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Who’s Doing The Demolition Work?

March 11th, 2017 · 6 Comments · Development and Zoning, News and Events

blighted building Stratford Avenue

In December city prepares this blighted building on Stratford Avenue for demolition.

John Marshall Lee has waged war on fiscal blight for years. In his latest commentary, the spending watchdog raises questions about the process to remove blighted buildings. From Lee:

Many of us who profess love for our nitty-gritty municipality long for governance delivered from the dark side of days past. We suffer a blighted history of Bridgeport practice and process. We also have blighted buildings that may never get a second chance. And as a City we spend taxpayer dollars to remove those properties, which offend the quality of life of neighbors, seem an open door to fire or added damage, and create physical danger as well as they deteriorate.

One observer has said that Mayor Ganim looks to remove such properties “yesterday” and has given this “demolition mission” to Tom Coble, a one-time Finch administration worker, who worked for Joe Ganim’s “second chance” Mayoral opportunity.

When a property is identified as “blighted” by City definition and all remedies are exhausted, demolition using outside vendors is a course of action. Normally the property is identified and bids would be solicited through the BidSync system operated by the Purchasing Department. However, on occasion, exceptions to this routine are approved for “qualified” situations where unique skills are required, or rapid work is called for, as in a desire to remove all blighted sites “yesterday.”

This places weighty responsibility in the hands of a City “demolitions” director. If he limits the firms he personally reaches to offer such opportunities, but he fails to offer such work to all qualified local taxpaying contractors, why is this being done this way? If such a director indicates that he is operating an informal bidding process, but offers no evidence of such, don’t you want to ask why it is being done this way? Questions, without answers?

When unit expenses may run $25,000 to $50,000 or more and larger sites like some in the East End of the City may command a significant multiple, why is this “demolition activity” not brought back into normal process to assure that the expense to the City is reasonable and that all vendors are considered and treated equally? Is that a fair way to offer work to taxpaying City businesses? Time will tell.

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6 Comments so far ↓

  • Mojo

    After waiting so long to get some of these blighted buildings down, who cares who’s doing the demo at this time! If anything is shady between the city and the construction company it will come out, no doubt.

    • John Marshall Lee

      Mojo,
      Was removing blighted properties a Mayoral priority? If it was, where did the Mayor indicate it was so? Where did he budget funds and from what sources in total? Can we follow City process with BidSync or do we want to return to a former time where deals could be made depending on who you knew and what was in it for them?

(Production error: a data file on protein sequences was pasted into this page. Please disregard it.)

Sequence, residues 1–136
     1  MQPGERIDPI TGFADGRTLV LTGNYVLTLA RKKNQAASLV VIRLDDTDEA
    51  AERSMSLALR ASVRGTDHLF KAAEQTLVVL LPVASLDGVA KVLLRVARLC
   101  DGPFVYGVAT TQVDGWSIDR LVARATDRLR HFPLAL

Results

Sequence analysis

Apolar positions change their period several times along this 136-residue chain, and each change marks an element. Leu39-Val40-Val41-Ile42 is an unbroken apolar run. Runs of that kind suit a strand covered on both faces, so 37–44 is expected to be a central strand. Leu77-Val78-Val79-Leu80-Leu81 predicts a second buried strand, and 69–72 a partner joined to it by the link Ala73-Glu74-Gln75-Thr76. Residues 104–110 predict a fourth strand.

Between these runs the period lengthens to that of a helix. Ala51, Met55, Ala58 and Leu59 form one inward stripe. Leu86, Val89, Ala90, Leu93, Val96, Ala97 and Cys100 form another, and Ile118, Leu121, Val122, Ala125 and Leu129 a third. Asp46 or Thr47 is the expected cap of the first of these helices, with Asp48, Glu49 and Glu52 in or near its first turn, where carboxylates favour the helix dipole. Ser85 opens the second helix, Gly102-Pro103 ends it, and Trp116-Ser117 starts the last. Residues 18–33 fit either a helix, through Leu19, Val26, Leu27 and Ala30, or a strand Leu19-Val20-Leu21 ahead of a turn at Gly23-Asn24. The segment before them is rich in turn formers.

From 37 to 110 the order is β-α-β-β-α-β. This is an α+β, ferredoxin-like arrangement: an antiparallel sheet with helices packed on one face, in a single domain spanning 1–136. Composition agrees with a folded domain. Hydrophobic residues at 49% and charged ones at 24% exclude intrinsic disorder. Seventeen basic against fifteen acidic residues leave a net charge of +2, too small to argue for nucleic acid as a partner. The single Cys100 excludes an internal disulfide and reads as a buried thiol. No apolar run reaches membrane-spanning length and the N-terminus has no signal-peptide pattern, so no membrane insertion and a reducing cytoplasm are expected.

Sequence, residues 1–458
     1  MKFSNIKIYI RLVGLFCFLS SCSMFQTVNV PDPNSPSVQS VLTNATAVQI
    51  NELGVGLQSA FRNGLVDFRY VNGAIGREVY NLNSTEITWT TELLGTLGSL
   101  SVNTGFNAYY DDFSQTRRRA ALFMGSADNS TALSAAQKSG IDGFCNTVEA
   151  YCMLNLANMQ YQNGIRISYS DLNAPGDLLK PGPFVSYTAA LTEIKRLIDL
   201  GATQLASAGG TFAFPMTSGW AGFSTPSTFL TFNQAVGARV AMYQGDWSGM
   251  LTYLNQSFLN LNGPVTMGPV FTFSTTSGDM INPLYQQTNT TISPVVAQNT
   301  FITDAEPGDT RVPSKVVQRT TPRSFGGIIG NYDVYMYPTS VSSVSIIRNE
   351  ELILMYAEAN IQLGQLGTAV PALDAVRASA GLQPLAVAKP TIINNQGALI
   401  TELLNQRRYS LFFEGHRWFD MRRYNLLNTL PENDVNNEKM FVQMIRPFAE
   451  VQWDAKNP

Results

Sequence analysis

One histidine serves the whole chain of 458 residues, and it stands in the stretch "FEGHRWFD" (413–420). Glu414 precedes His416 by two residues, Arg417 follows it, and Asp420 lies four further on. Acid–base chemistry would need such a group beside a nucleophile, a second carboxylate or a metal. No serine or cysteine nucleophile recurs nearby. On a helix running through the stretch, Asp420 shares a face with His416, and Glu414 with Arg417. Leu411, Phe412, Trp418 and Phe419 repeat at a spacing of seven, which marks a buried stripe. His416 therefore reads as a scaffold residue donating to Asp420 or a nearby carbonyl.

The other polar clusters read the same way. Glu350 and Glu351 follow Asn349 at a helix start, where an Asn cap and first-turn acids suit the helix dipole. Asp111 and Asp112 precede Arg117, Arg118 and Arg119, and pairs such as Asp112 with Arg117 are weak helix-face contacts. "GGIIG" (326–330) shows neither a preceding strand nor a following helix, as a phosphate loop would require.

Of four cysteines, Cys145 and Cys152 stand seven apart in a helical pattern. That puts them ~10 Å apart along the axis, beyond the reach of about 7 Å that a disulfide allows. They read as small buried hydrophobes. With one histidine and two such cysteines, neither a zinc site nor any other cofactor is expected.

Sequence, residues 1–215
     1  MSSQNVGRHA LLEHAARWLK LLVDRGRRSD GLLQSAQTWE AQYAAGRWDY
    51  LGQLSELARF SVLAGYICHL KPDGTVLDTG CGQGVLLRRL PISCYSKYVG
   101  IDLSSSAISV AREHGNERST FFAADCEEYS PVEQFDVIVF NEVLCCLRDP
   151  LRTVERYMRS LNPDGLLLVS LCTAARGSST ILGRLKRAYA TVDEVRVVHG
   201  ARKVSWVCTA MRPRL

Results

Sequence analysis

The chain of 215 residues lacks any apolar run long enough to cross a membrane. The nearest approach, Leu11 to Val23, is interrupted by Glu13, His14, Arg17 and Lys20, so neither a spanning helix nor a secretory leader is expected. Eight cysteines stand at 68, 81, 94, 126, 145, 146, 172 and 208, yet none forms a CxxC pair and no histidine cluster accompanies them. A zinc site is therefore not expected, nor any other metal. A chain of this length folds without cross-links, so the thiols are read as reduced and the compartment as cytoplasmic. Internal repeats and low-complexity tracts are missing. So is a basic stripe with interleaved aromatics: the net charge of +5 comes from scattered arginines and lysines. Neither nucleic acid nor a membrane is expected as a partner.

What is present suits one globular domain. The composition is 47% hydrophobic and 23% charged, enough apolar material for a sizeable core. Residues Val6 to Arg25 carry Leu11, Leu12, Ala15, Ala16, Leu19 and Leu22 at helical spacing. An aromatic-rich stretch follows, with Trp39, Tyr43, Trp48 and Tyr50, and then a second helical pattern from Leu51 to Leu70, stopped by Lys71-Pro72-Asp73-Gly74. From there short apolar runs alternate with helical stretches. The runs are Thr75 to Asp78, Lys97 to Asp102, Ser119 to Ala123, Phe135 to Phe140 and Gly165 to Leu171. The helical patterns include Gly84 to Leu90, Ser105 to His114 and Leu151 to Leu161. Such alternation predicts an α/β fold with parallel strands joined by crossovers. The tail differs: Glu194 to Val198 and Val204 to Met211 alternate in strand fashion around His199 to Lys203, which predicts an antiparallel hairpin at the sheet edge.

We were asked on some level to “trust” Ganim2 because of how his faulty and selfish choices caused harm to the reputation and future of the City, and we looked to “verify” and in a short period of time we have a City employee behaving as if rules do not apply to him; and the Mayor’s office gets the info but he turns a deaf ear to more than one reporting; and what does all this signify? In a week when US Attorney Deirdre Daly resigns while she was leading initiatives against public corruption? And this Mayor judged himself to be okay in bridging from his first term that ended in Federal Court and connecting with a new term where he spends no effort on VERIFYING his choices and behavior are above reproach?? Time will tell.

  • Andrew C Fardy

    The city should be doing its own demolition, it’s not rocket science. We have the construction equipment, the dumpsters and if we need laborers we can hire summer help.
    My son and I took down a two-story house in Milford with two sawzalls and got rid of the debris using a rack body dump truck.

  • Andrew C Fardy

    Here is how they are going to make money on this. The contractor will bid on demolishing a building. He will state in his bid that it will take X number of dumpsters to remove the building. Now the foot-dragging occurs and this building has three or four arson fires and now the number of dumpsters is less than the bid amount and everyone makes money. I guess I answered what I wrote in the above blog.

  • Bob Halstead

    Under the first Ganim Administration in the early ’90s I did a paper discussing the possibility of deconstructing the scores of buildings being demo’ed using inmates and creating a salvage recycling business but it hit a wall with that demo meister Patrick Coyne who had his own plan with asbestos kickbacks.

  • Andrew C Fardy

    Why is it all the idiots making $100K-plus can’t figure how to put our unemployed residents to work?
    Why can’t they figure out we can demolish blighted houses with city employees and city equipment?
    Why can’t we go back to having our own tree cutters like we did in the past?
    Here is how to get money to fund these employees:
    1. Fire Chapman $100,000
    2. Fire Adams $100,000
    3. Fire John Gomes $100,000
    4. Fire Stallworth $100,000
    5. Fire Tiago $100,000
    That’s a quick $6 million in savings and I am sure there is much, much more. If we pay these employees $500 per week we can keep them on the job for 600 weeks.
    There is one problem; where does the graft come from?

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